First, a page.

Wednesday, April 6, 2011

Not to be confused with a buddy movie

Among the movies airing tomorrow as part of TCM's birthday salute to James Garner, I don't think I've recommended 36 Hours before. It's airing at 1:15 PM ET, and is well worth watching.

James Garner plays Major Pike, a US Army major stationed in the UK in early June 1944. That date means the D-Day invasion is coming up soon. The Nazis kind of expect this, but don't quite know when or where it's going to come. They know, though, that Major Pike has some valuable information pertaining to the upcoming invasion, so when he has to go to Portugal on a secret mission, the Nazis drug him and set in motion a diabolical plan. They take him to a prison camp in Germany that's been renovated to look like an American military hospital. Not only that, but the Nazis are putting on the ruse that it's now the 1950s, and the Allies won the war several years ago, but that Maj. Pike doesn't know any of this because he's been suffering a severe case of amnesia. The Nazi military doctors masquerading as American army doctors, led by Nazi Major Gerber (Rod Taylor), have set up this ruse in order to trick Pike into giving them the information about the Normandy invasion they're seeking.

Now, if this plot seems absurd, it is. But keep watching, because the movie is actually quite good. Pike somewhat suspects something odd is going on, and we viewers of course know what's going on. So part of the fun of a movie like this is seeing just how the Nazis' elaborate plan is going to go wrong, and how Pike is going to react when he realizes just what's happened. Fortunately for him, he's got somebody who might just be an ally, in the form of nurse Anna (Eva Marie Saint). She's got a concentration camp tattoo, and is basically been dragooned into the plot to spare her life; it's another plot point that seems unrealistic, but then there's a reason why the Nazis lost the war. Pike convinces her to try to make a break for it with him -- in another dumb move, the Nazis put this hospital close to the border with neutral Switzerland.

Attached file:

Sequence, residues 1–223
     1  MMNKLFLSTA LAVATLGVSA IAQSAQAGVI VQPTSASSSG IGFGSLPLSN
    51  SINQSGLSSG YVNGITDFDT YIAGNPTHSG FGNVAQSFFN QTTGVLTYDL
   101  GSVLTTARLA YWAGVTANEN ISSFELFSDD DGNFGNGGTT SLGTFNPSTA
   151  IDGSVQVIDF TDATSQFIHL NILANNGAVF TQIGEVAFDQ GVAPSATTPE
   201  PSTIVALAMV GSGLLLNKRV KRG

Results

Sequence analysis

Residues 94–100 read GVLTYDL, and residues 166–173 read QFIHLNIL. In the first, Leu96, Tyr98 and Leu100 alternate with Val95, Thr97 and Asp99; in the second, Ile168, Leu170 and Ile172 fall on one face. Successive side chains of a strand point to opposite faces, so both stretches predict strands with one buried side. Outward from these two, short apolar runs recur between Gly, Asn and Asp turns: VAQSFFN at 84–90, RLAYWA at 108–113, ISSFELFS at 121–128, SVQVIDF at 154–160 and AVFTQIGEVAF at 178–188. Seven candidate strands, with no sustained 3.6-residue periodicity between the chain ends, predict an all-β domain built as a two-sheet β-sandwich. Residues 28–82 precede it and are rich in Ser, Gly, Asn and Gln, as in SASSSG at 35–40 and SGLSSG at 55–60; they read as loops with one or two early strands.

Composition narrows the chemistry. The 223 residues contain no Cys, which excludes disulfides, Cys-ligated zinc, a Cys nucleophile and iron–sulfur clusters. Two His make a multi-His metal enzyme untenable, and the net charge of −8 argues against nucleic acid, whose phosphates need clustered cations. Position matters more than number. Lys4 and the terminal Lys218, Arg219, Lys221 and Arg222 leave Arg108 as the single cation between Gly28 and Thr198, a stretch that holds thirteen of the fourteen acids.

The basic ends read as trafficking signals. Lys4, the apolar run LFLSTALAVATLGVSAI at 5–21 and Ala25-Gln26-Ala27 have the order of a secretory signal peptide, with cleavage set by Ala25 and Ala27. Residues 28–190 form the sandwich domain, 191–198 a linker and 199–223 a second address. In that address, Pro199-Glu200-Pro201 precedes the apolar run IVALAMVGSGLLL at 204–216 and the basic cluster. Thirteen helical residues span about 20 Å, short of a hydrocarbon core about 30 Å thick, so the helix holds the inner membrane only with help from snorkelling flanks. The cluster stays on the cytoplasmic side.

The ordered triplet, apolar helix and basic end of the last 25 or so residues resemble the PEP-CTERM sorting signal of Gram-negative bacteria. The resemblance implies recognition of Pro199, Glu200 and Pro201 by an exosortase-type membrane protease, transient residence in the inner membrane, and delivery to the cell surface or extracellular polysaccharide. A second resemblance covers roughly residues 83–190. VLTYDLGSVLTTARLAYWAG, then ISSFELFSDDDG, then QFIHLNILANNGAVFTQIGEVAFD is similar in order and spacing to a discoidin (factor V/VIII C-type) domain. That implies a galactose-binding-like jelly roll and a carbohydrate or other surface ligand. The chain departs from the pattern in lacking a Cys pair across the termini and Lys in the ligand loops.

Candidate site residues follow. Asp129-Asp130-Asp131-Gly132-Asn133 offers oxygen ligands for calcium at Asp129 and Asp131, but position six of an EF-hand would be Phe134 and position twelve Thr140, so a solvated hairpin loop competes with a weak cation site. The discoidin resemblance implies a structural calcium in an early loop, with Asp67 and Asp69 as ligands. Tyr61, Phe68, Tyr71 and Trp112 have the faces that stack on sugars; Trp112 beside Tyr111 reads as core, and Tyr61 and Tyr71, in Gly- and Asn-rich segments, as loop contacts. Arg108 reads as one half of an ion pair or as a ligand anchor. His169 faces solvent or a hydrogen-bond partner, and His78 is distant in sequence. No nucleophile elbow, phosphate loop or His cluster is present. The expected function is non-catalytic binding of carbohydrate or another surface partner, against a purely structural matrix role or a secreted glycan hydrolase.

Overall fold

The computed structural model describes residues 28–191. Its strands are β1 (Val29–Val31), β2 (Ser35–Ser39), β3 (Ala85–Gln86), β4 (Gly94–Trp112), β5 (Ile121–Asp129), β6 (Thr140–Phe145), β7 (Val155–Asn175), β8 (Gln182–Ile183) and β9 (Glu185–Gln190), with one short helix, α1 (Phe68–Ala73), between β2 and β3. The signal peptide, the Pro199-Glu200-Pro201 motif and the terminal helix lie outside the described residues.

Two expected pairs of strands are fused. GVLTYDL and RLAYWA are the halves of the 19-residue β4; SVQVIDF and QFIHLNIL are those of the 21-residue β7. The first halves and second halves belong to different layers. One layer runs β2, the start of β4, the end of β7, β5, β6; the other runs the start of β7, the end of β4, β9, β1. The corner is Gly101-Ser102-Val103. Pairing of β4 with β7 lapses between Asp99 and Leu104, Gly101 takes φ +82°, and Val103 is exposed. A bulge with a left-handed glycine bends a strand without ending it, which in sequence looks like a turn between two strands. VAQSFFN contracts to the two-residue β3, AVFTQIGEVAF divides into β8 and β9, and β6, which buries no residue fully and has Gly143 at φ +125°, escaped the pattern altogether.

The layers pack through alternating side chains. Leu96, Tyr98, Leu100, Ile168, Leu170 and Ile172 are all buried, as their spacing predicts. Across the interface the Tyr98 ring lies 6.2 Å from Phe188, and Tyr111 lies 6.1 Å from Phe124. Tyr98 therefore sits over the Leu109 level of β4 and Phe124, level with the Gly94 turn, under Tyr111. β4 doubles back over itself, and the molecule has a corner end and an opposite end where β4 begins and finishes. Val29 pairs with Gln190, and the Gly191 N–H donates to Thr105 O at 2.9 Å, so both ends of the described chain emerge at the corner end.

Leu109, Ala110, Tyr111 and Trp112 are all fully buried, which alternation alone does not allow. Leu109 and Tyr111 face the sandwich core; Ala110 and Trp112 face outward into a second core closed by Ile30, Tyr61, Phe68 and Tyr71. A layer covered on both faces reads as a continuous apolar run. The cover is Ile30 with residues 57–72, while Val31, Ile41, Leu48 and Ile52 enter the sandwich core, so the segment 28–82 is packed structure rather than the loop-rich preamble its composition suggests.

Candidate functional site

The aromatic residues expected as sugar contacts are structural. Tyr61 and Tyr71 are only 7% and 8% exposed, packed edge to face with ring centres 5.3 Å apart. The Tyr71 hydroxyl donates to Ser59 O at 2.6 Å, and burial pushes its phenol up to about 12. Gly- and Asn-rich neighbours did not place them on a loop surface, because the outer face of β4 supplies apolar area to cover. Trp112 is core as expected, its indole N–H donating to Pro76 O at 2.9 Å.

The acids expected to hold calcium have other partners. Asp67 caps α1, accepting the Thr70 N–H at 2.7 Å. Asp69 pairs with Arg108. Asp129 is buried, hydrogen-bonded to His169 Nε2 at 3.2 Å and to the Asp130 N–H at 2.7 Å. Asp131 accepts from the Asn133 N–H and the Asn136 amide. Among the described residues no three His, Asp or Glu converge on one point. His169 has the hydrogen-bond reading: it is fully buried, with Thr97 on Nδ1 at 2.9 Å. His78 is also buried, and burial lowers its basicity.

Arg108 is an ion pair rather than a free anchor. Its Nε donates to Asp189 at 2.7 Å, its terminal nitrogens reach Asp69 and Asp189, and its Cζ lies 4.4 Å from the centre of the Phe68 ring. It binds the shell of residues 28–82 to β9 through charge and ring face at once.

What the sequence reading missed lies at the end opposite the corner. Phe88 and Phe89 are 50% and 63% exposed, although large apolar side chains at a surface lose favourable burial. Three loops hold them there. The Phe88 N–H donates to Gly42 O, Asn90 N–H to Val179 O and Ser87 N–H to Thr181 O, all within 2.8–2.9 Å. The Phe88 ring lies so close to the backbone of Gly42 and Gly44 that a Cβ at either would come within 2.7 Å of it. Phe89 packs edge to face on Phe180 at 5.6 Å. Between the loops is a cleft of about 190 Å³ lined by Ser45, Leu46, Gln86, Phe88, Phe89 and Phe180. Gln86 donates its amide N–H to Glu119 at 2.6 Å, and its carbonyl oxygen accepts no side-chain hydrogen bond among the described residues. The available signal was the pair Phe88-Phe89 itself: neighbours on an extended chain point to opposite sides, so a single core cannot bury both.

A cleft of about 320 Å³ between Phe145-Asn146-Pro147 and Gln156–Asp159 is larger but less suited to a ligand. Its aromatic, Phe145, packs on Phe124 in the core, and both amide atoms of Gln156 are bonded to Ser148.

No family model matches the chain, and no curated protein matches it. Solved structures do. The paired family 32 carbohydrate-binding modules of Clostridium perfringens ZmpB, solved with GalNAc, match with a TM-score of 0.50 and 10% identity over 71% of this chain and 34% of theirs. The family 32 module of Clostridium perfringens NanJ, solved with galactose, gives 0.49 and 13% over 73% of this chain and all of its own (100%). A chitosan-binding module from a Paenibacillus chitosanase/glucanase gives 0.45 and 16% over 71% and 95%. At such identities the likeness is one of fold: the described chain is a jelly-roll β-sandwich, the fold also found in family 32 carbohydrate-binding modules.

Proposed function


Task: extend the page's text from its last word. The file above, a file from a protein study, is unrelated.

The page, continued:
Garner is in fine form here. To be honest, he's probably at his best when doing lighter roles, like the comedies he does, and thrillers like this that require the viewer more to watch than to think. Not that there's anything wrong with making movies for the purpose of entertaining people, of course. In that regard, 36 Hours succeeds quite well, in the vein of earlier movies such as Night Train to Munich. The latter film has fortunately gotten a DVD release, albeit from the pricey Criterion Collection, since I blogged about it back in July 2009; 36 Hours is also out on DVD.

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